With reference to FIG. 1, an exemplary system for implementing the invention includes a general purpose computing device in the form of a computer 110. Components of the computer 110 may include, but are not limited to, a processing unit 120, a system memory 130, and a system bus 121 that couples various system components including the system memory to the processing unit 120. The system bus 121 may be any of several types of bus structures including a memory bus or memory controller, a peripheral bus, and a local bus using any of a variety of bus architectures. By way of example, and not limitation, such architectures include Industry Standard Architecture (ISA) bus, Micro Channel Architecture (MCA) bus, Enhanced ISA (EISA) bus, Video Electronics Standards Association (VESA) local bus, and Peripheral Component Interconnect (PCI) bus also known as Mezzanine bus.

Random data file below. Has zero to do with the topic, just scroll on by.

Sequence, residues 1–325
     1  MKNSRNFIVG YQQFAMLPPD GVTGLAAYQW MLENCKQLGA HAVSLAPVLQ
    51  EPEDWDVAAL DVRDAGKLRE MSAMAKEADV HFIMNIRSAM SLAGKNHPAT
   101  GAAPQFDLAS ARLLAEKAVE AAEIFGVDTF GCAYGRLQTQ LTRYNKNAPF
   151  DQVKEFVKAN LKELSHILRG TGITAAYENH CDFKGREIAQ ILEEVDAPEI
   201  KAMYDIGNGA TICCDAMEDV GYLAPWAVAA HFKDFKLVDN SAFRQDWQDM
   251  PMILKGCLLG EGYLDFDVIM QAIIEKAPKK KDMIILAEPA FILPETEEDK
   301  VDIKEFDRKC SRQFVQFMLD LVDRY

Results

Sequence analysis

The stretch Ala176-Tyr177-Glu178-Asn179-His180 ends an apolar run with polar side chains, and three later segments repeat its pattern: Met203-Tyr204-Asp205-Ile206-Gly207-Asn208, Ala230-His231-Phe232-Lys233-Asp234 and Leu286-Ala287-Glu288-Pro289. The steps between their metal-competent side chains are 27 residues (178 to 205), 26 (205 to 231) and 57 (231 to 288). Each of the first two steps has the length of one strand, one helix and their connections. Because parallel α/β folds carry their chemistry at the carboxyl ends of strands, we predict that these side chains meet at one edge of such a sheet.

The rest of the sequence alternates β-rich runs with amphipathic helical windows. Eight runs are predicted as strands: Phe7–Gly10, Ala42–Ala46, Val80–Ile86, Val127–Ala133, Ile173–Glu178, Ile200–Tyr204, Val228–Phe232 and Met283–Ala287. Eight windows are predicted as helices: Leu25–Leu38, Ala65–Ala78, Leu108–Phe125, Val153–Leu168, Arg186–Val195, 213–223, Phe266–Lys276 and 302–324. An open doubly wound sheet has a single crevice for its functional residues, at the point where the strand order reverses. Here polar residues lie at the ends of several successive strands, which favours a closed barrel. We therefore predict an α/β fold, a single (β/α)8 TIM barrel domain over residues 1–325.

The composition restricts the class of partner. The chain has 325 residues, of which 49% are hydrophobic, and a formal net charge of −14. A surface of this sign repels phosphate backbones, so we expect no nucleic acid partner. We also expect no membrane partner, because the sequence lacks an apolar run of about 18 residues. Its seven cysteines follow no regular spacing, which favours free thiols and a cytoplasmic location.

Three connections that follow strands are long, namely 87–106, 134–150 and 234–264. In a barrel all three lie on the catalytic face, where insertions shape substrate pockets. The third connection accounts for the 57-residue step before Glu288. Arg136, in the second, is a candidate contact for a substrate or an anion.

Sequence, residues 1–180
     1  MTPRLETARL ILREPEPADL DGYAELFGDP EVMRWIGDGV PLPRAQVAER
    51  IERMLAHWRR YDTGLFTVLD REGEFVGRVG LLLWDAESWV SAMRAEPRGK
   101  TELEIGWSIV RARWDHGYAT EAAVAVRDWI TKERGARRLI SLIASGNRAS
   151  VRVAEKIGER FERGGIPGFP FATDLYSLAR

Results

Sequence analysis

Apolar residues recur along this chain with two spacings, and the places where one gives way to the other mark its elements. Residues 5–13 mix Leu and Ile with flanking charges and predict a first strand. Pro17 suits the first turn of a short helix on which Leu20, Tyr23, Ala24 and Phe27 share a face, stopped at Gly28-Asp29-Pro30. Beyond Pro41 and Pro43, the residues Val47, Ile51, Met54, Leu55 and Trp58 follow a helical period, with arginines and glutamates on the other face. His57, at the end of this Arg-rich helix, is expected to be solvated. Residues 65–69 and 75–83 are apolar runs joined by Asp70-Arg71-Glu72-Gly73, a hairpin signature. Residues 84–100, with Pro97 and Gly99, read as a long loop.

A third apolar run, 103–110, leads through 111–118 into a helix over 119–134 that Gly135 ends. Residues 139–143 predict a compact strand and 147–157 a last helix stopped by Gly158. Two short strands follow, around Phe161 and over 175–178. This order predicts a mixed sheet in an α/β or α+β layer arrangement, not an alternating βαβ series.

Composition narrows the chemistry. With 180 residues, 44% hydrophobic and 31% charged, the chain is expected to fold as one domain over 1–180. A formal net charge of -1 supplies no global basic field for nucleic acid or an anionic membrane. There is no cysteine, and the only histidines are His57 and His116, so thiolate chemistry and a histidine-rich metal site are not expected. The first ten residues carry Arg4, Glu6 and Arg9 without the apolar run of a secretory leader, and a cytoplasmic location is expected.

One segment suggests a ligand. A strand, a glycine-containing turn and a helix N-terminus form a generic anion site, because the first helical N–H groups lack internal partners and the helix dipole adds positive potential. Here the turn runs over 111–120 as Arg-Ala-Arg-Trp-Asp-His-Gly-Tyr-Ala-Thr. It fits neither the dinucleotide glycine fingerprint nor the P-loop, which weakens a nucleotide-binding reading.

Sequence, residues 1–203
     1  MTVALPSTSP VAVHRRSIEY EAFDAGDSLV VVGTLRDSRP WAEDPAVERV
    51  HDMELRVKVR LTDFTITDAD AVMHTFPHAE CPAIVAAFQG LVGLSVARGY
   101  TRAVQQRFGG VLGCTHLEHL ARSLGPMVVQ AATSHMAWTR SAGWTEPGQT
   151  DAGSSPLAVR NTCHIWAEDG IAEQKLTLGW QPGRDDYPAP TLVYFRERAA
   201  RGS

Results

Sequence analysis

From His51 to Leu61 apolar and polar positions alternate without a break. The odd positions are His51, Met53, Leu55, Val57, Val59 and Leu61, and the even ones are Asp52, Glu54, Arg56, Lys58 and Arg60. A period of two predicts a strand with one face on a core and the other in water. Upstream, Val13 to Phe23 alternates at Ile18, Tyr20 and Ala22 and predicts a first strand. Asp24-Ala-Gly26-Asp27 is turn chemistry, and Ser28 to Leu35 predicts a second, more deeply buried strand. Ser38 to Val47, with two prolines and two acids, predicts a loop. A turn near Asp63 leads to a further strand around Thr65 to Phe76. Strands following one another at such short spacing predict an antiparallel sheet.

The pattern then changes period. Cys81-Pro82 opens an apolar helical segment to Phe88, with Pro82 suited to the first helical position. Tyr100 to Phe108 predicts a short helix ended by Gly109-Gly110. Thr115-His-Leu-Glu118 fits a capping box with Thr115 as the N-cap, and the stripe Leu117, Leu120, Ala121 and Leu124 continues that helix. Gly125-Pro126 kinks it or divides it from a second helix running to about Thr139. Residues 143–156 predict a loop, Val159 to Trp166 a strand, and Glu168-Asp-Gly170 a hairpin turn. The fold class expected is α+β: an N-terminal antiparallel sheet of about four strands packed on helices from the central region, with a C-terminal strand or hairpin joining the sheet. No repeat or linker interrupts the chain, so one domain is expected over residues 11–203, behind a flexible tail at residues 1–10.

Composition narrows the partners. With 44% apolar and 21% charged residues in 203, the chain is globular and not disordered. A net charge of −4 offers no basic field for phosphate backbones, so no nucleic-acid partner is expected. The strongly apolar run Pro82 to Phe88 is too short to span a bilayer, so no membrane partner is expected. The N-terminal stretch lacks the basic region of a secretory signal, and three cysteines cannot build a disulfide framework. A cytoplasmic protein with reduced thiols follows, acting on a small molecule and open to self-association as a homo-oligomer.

The computer 110 typically includes a variety of computer readable media. Computer readable media can be any available media that can be accessed by the computer 110 and includes both volatile and nonvolatile media, and removable and non-removable media. By way of example, and not limitation, computer readable media may comprise computer storage media and communication media. Computer storage media includes volatile and nonvolatile, removable and non-removable media implemented in any method or technology for storage of information such as computer readable instructions, data structures, program modules or other data. Computer storage media includes, but is not limited to, RAM, ROM, EEPROM, flash memory or other memory technology, CD-ROM, digital versatile disks (DVD) or other optical disk storage, magnetic cassettes, magnetic tape, magnetic disk storage or other magnetic storage devices, or any other medium which can be used to store the desired information and which can be accessed by the computer 110. Communication media typically embodies computer readable instructions, data structures, program modules or other data in a modulated data signal such as a carrier wave or other transport mechanism and includes any information delivery media. The term “modulated data signal” means a signal that has one or more of its characteristics set or changed in such a manner as to encode information in the signal. By way of example, and not limitation, communication media includes wired media such as a wired network or direct-wired connection, and wireless media such as acoustic, RF, infrared and other wireless media. Combinations of the any of the above should also be included within the scope of computer readable media.